3 of 4 people found the following review helpful
Thrilling performances in generally vivid sound. 22 Oct 2002
By John Austin - Published on Amazon.com
Format: Audio CD
Anyone who has clicked onto this item will already be familiar with the career and reputation of the great English conductor Sir Thomas Beecham. Complementing an extremely busy performing schedule, he clocked up a discography that possibly "created a record" amongst conductors. Those who experienced his "live" as distinct from his "recorded" work always claimed that there was even more magic, more fire, and a suppler moulding of phrasing in the latter. This claim can now be widely tested as more and more broadcasts of "live" performances are exhumed from the BBC archives.
This splendid issue allows you to hear him conducting Berlioz at concerts given between 1951 and 1956. Like the writer of the excellent booklet, Graham Meville-Mason, I was present at one of these concerts. As a very young man, I was fascinated to see how the trombone players coped with the slides on their instruments at the sizzling pace with which Beecham directed the final section of the overture "Le Corsair".
"So what is the sound quality like, and how do these performances compare with Beecham's studio recordings of these works?" I hear you ask. I can report that the sound quality ranges from good to outstanding. All credit to the original radio engineers, and those responsible for the remastering! The timpani might be a little too obtrusive in "Le Corsair" and the overall sound a little "dry" in the "Marche troyenne", but there are no other defects. Indeed, the sound quality of the string playing (always reputed to be unique in a Beecham orchestra) is beautifully realized. Yes, there are audience coughs to be heard here and there. Somehow, they too sound so realistic and well recorded that a sense of an actual performance is enhanced.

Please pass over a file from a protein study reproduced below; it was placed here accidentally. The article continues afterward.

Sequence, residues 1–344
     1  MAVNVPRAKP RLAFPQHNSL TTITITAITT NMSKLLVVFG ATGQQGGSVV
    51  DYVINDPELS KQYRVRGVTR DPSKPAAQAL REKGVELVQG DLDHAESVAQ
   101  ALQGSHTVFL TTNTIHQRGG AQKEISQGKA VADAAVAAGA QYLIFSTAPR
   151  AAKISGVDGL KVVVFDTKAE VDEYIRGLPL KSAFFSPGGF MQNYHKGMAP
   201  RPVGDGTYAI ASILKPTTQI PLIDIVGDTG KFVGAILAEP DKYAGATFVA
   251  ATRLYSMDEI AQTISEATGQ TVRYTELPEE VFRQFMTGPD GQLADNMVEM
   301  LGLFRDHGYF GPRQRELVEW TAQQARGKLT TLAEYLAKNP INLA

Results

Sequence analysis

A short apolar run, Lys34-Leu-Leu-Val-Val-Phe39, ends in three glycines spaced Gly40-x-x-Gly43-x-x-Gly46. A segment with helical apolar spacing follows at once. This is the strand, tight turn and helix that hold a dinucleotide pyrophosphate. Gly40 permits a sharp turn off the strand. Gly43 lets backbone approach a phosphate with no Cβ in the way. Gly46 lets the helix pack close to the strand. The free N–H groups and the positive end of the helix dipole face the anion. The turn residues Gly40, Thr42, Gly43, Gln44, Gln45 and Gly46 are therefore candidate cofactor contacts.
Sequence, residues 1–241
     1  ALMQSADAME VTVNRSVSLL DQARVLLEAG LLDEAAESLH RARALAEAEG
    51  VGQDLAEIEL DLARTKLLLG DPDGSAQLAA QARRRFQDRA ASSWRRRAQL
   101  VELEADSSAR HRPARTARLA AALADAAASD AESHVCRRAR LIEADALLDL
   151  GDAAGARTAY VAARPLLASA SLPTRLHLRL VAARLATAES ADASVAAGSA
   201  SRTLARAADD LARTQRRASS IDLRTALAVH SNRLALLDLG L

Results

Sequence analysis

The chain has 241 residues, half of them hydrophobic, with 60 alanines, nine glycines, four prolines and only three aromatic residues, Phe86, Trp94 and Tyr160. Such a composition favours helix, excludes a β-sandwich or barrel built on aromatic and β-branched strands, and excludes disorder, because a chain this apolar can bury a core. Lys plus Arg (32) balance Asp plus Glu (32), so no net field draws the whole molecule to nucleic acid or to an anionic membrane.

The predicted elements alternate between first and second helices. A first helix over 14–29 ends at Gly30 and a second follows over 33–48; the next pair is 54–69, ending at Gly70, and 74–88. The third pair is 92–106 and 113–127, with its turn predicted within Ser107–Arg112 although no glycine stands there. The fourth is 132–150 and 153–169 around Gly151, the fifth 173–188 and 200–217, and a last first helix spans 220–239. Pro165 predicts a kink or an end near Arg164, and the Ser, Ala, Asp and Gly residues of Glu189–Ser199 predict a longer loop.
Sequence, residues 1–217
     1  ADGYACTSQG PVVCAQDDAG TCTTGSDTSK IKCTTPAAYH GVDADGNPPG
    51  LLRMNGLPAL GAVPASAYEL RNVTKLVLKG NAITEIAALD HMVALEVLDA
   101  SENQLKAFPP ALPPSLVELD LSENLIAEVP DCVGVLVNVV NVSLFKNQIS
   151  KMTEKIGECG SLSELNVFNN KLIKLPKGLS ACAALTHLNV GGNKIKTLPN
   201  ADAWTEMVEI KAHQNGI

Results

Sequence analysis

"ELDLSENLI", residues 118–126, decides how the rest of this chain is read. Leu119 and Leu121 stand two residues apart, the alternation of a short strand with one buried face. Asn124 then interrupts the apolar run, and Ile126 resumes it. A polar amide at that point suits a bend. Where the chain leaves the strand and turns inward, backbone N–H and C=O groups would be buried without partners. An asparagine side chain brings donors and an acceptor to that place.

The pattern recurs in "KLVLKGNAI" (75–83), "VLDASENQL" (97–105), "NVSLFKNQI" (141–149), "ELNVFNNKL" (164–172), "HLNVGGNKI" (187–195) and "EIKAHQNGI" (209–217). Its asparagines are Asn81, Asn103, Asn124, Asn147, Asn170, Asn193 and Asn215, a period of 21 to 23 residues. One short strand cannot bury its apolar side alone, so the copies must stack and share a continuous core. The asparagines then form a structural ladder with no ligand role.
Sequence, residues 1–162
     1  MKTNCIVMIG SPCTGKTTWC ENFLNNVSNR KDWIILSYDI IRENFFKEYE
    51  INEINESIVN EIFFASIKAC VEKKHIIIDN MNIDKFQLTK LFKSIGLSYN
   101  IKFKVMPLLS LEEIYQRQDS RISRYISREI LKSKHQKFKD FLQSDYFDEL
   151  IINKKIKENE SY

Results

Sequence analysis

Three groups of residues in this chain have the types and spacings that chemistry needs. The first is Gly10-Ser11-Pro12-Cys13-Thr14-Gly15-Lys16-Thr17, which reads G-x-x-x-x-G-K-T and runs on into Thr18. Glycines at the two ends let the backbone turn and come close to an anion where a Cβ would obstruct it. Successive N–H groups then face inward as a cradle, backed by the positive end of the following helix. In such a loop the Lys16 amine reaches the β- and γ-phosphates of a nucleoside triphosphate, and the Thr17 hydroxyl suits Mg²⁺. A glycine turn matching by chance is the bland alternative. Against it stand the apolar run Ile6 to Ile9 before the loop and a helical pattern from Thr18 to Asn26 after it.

"Harold en Italie" poses problems in recording a live performance. There are long passages requiring the solo viola player to provide soft broken chords to accompany wind soloists from the orchestra, and microphoning tends to give undue prominence to the viola. This problem has been better solved here than it was in a studio recording Beecham directed in 1951, five years before the broadcast performance found here.
I have compared all these performances with studio recordings Beecham directed, and all but the "Marche troyenne" are much to be preferred. All of which adds up to a very strong recommendation for this five star issue.
2 of 4 people found the following review helpful
Historic performances, but historic sound, too 15 Mar 2006
By Santa Fe Listener - Published on Amazon.com
Format: Audio CD
The reviewer below who calls this good sound must be listening to records through a paper cup. These BBC broadcasts from 1951-56 feature a deceont-sounding Harold in Italy from an Edinbrugh Festival concert (annoyingly full of coughs), but even here the solo viola sounds whiny and dim, and the other items are in dreadful sound that is boxy and shrill. After releasing several better-sounding concerts from Beecham, BBC Legends bowed to public demand for his live Berlioz. But these performances don't justify the sonic cost. Violist Frederic Riddle can be painfully out of tune, and although Beecham's orchestral reading of Harold in Italy is exuberant, we have a classic studio recording from him with William Primrose. In fact, this whole CD duplicates material that is either better performed by Beecham or better sounding, so I can't drum up much enthusiasm for it unless you are a die-hard fan.